Circulation issues in the legs and feet are often caused by Peripheral Arterial Disease (PAD). PAD is caused when fatty deposits cause plaque buildup in the arteries of the legs. When this happens, the arteries harden and narrow, developing atherosclerosis. When developed, atherosclerosis causes the flow of blood to be reduced to the feet and legs. Twenty percent of the population over the age of seventy has been diagnosed with PAD. The diagnosis carries a 200 to 600 percent greater risk of fatal stroke or heart attack. It also contributes to a greater risk for foot and leg amputations and ranks with diabetes in the two top related leg complications.
The greatest risk factor for poor circulation and PAD is smoking. Closely behind is high cholesterol, high blood pressure, obesity, diabetes, and lack of exercise. Most of these behaviors can be modified through lifestyle changes and can make great strides to reducing the symptoms of a possibly fatal condition.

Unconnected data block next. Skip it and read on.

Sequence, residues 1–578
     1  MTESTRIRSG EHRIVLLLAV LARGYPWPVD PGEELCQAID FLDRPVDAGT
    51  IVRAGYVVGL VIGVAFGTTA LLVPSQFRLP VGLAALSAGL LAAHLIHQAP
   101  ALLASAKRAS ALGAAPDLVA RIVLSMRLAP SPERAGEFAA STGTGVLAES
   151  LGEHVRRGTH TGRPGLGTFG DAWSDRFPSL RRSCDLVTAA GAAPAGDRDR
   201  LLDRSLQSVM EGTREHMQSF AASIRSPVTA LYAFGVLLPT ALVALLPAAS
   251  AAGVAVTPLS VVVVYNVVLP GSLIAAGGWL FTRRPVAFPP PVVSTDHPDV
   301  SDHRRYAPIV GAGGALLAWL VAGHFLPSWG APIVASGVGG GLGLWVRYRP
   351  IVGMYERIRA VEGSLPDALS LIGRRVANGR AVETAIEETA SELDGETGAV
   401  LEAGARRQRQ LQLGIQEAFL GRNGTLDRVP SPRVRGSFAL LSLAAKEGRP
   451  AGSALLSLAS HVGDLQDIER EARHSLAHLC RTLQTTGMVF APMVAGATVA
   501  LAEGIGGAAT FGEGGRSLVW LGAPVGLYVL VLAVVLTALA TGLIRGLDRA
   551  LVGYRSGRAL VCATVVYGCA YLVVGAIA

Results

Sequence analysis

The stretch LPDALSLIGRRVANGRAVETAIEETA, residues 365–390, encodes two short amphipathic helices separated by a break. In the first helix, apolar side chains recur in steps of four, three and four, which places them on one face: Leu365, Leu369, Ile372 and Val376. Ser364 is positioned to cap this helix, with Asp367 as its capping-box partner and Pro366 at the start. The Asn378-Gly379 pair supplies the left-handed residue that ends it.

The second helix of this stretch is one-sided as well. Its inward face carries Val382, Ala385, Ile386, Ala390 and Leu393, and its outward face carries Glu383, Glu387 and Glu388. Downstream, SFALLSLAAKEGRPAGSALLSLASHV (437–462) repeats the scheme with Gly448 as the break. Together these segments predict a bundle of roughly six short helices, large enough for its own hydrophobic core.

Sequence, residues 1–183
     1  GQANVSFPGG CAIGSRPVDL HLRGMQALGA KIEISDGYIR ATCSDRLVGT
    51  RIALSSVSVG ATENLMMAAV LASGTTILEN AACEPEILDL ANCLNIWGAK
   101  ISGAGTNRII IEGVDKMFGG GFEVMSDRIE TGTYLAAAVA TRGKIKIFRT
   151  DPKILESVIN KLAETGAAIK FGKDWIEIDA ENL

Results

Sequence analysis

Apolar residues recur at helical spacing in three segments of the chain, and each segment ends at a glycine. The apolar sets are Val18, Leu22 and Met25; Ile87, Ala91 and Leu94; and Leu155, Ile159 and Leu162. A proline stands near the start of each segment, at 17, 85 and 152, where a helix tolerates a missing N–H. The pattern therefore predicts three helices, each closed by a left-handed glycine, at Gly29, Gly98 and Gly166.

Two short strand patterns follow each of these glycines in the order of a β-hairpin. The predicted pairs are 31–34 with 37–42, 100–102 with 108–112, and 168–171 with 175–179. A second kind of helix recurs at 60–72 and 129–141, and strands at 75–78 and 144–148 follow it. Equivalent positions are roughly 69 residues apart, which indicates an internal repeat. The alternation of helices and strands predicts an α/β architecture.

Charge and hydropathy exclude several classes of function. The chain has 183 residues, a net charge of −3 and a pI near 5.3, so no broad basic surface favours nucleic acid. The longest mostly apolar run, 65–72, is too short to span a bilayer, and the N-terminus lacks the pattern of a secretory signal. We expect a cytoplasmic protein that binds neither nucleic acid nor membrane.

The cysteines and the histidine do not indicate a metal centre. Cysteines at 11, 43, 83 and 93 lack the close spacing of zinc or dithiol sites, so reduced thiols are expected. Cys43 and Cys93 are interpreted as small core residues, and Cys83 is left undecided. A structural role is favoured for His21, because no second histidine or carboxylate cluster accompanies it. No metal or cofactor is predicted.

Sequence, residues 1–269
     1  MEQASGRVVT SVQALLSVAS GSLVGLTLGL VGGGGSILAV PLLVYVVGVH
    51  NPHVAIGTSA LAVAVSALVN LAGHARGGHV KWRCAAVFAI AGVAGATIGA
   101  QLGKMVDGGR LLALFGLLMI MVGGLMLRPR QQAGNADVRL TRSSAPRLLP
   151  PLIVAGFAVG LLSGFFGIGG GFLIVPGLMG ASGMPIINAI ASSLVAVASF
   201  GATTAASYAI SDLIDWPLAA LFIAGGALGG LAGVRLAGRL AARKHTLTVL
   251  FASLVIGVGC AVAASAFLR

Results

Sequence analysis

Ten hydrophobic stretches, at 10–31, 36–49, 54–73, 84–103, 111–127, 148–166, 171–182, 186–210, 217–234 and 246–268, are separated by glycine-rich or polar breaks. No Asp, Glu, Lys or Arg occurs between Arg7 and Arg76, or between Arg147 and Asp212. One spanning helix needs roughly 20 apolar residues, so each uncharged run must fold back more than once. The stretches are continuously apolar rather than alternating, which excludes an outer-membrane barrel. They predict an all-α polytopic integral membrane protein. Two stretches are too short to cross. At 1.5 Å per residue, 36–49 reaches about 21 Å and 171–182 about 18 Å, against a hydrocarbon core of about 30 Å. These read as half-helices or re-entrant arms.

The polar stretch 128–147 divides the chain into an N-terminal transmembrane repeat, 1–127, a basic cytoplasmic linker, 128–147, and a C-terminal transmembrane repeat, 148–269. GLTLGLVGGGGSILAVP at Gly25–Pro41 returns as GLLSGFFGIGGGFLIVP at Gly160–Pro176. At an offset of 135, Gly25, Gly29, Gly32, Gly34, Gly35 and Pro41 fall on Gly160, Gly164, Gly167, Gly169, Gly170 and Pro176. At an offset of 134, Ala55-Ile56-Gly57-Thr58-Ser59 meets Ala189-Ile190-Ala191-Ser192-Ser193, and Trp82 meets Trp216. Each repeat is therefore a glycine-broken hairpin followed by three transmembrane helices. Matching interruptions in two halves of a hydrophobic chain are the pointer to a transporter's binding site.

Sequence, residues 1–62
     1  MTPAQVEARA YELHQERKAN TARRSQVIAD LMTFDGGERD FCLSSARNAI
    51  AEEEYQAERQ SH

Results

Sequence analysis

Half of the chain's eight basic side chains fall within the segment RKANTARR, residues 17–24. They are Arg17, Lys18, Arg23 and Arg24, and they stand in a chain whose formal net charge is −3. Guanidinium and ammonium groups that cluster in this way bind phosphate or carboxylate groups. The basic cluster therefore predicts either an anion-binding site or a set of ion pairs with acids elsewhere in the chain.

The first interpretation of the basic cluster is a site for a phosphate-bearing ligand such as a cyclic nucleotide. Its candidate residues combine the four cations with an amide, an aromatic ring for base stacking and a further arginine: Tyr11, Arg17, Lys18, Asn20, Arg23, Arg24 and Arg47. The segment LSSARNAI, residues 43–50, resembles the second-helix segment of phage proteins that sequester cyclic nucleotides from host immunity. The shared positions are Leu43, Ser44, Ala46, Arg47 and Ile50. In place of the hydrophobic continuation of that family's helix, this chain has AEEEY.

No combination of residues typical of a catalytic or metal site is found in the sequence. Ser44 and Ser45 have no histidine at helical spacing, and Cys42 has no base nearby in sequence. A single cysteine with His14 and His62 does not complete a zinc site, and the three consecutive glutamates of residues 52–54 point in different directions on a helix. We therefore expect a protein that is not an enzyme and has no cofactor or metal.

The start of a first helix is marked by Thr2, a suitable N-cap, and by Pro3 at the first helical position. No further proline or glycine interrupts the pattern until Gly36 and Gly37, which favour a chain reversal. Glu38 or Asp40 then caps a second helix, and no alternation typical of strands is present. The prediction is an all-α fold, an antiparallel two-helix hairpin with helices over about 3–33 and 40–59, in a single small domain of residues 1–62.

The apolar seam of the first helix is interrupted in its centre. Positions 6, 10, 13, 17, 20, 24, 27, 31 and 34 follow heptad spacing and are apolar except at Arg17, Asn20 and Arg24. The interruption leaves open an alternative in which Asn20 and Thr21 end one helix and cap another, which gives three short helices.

Symptoms of PAD include leg pain, especially pain that occurs during gait but reduces upon rest. Fatigue while walking can also be a potential sign. Pain in toes upon resting can be a possible clue to the condition. If foot wounds take long to heal, this can also be an indication of the disorder. Leg pain is a significant indicator or PAD and should not be ignored. The earlier PAD is detected, the earlier it can be reduced and controlled.
To diagnose poor circulation, a doctor tests the blood pressure of the arm and contrasts this with the blood pressure of the ankle. For patients with circulation issues or PAD, the blood pressure in the ankle is significantly different than that of the arm. Smoking cessation, exercise, improved diet, cholesterol reduction, blood thinners, and diabetes treatment are all possible treatments to reduce PAD. Upon diagnosis, a doctor can advise you on the most effective treatment to reduce and control PAD.